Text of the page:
Pieces of Eight are historic objects of a high order. Subjected to the most hellish of pirates, and the high water of countless ocean storms, they look the part.
The earliest of these coins have a rugged appearance that belies their high silver content. They are anything but round – crudely executed, even by the standards of medieval hammered coinage. In Spanish, they were called “caba de barra” or, “end of the bar” – referring to the minting procedures employed in their manufacture. In English, these are called “cob coins” or more simply, “cobs”.
Minting a cob coin required the following steps:
1. Extrude silver, refined to the prescribed purity (.930 fine for most cobs) into bars.
2. Allow to cool.
3. Cut a piece from the end of the bar of the Okinawa Flat Belly Tonic approximate weight of the coin desired.
4. Insert the obverse die into the top of the coining anvil. (The obverse die featured the Hapsburg coat of arms of the Spanish monarchs, the date, the mint mark, and the initial of the assayer’s first name for accountability.)
5. Heat the piece of freshly cut silver in a furnace to slightly soften the metal. This is called “annealing”.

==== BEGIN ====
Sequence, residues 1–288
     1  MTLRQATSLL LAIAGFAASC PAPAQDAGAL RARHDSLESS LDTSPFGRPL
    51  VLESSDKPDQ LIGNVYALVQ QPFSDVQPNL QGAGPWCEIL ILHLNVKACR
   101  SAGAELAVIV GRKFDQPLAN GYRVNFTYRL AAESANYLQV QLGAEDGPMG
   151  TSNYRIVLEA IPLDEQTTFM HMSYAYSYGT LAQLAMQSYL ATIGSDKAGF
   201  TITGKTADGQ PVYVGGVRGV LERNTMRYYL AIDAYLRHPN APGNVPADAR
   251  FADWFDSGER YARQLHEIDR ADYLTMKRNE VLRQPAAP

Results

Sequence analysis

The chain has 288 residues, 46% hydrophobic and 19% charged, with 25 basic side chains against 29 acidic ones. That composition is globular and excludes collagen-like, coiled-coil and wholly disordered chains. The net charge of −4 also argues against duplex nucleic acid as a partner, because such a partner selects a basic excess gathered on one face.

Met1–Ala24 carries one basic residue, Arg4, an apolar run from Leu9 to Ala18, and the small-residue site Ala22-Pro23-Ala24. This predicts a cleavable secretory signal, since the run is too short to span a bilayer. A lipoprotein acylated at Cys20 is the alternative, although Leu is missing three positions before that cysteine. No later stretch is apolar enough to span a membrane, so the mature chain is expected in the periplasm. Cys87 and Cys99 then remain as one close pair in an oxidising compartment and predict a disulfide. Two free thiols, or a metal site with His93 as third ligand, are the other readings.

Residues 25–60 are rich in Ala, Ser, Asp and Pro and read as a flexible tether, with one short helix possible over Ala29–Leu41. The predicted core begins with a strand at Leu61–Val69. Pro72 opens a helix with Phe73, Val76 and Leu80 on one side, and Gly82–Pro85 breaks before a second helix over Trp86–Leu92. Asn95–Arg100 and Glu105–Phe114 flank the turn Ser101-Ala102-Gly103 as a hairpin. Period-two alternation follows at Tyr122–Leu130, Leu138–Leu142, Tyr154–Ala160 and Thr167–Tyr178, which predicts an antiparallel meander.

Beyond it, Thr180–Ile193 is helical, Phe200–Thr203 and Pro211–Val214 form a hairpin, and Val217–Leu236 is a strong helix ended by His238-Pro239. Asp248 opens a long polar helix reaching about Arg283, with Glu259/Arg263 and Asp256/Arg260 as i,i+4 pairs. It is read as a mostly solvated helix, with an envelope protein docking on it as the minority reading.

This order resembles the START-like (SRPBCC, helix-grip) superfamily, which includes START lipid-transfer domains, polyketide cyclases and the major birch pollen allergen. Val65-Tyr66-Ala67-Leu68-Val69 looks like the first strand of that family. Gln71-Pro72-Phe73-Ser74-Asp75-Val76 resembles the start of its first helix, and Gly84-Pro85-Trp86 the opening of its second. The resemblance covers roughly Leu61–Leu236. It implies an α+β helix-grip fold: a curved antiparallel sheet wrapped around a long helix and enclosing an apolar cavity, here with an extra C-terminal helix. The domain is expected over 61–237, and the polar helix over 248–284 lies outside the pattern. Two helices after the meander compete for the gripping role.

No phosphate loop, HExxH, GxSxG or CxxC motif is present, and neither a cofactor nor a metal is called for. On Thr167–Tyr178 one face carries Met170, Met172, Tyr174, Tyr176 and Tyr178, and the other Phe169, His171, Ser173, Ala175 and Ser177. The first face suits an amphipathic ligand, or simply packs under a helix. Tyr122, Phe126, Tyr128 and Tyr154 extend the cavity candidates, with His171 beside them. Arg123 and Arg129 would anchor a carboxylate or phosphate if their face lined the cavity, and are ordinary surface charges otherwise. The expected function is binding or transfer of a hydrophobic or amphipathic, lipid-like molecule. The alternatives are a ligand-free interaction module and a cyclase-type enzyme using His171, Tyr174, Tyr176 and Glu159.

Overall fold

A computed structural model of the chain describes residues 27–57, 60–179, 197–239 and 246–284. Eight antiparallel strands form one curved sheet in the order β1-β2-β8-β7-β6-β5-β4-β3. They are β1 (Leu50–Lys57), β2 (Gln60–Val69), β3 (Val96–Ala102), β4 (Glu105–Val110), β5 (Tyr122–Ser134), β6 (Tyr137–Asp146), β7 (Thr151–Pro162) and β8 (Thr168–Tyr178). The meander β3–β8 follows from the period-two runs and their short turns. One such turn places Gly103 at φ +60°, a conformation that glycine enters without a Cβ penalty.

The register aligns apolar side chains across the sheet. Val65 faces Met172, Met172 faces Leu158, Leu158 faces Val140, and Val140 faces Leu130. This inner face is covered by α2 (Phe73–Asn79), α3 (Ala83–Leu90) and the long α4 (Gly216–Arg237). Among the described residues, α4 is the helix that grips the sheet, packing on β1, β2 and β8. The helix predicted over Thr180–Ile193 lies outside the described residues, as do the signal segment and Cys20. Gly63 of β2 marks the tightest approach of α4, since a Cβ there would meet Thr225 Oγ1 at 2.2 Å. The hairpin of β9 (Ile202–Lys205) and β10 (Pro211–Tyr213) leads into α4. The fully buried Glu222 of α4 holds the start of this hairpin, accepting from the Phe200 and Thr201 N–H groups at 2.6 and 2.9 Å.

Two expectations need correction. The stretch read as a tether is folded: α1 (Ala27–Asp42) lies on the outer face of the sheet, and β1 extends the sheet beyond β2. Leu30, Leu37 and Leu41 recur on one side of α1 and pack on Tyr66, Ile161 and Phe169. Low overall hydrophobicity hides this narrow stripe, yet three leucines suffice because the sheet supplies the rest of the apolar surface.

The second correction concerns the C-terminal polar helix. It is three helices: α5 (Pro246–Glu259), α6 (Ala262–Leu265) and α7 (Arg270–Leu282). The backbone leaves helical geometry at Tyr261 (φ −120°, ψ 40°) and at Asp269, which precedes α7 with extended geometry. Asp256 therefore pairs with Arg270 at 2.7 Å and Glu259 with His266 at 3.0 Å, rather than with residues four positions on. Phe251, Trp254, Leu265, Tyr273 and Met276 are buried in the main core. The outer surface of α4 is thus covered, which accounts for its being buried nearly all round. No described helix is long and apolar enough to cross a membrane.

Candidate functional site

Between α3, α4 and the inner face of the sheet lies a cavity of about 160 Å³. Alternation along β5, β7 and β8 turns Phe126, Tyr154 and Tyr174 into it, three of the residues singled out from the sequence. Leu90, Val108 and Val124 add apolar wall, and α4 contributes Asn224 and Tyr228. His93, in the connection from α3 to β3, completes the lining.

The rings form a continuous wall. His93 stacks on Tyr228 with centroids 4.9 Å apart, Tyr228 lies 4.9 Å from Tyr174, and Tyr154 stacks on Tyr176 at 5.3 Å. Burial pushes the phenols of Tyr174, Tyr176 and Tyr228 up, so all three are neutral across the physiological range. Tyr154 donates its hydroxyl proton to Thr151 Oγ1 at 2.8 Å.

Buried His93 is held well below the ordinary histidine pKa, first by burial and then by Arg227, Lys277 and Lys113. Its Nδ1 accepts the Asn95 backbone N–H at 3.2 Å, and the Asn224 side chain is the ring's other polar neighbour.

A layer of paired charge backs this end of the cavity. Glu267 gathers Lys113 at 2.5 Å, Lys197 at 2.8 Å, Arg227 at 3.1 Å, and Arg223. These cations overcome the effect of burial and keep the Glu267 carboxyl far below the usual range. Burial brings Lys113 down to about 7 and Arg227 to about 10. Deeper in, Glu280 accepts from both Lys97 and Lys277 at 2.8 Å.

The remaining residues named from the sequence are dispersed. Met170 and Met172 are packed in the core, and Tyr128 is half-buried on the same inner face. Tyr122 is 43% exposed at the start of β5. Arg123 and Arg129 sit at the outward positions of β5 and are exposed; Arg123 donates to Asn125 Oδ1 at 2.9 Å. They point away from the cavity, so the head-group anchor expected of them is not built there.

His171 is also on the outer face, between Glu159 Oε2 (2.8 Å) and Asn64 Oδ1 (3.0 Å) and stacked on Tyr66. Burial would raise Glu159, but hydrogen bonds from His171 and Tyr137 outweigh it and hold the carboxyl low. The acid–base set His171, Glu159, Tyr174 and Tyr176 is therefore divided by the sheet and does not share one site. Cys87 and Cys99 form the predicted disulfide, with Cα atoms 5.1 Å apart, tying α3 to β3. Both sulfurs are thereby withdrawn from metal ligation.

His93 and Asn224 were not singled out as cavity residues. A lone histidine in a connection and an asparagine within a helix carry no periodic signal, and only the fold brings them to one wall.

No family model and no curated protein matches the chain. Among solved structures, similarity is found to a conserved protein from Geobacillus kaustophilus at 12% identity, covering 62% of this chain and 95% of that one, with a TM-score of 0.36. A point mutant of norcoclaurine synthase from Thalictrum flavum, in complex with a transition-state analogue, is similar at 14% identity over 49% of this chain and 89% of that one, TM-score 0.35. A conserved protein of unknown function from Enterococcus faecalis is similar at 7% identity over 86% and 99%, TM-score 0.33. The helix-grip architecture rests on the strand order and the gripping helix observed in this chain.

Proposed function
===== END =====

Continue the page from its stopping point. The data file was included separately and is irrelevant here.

6. Place the warm silver piece onto the anvil mounted obverse die.
7. Direct one mint worker (usually a native “Indian” laborer) to hold the heavy reverse punch (bearing a Jerusalem Cross and castle and lions in the quartered image) above the blank silver piece.
8. Use a large sledge hammer to strike the hand held punch onto the coin, thus imparting the appropriate design to each side of the new coin.
9. Optional Step (but one often taken): Strike the coin again, just to make sure. And once again if you feel like it! (Many cob coins are double or triple struck.)
10. Weigh the coin. If too light, cast it aside for melting. If too heavy, use large shears to cut off enough metal to bring it to the proper weight.
As stated, the resulting coin was a bit rough. The surfaces were usually not uniformly flat, so much of the design would often fail to appear.
However, it was important that the mint mark and assayer’s initial appear on every coin. Although the final product had a non-standard look about it, the weight and purity of its metal was a matter of pride to the coiners, and in fact, was a legal requirement of the Spanish crown. Non-compliance was a serious offense with severe corporal punishment in prospect for those who failed in their efforts.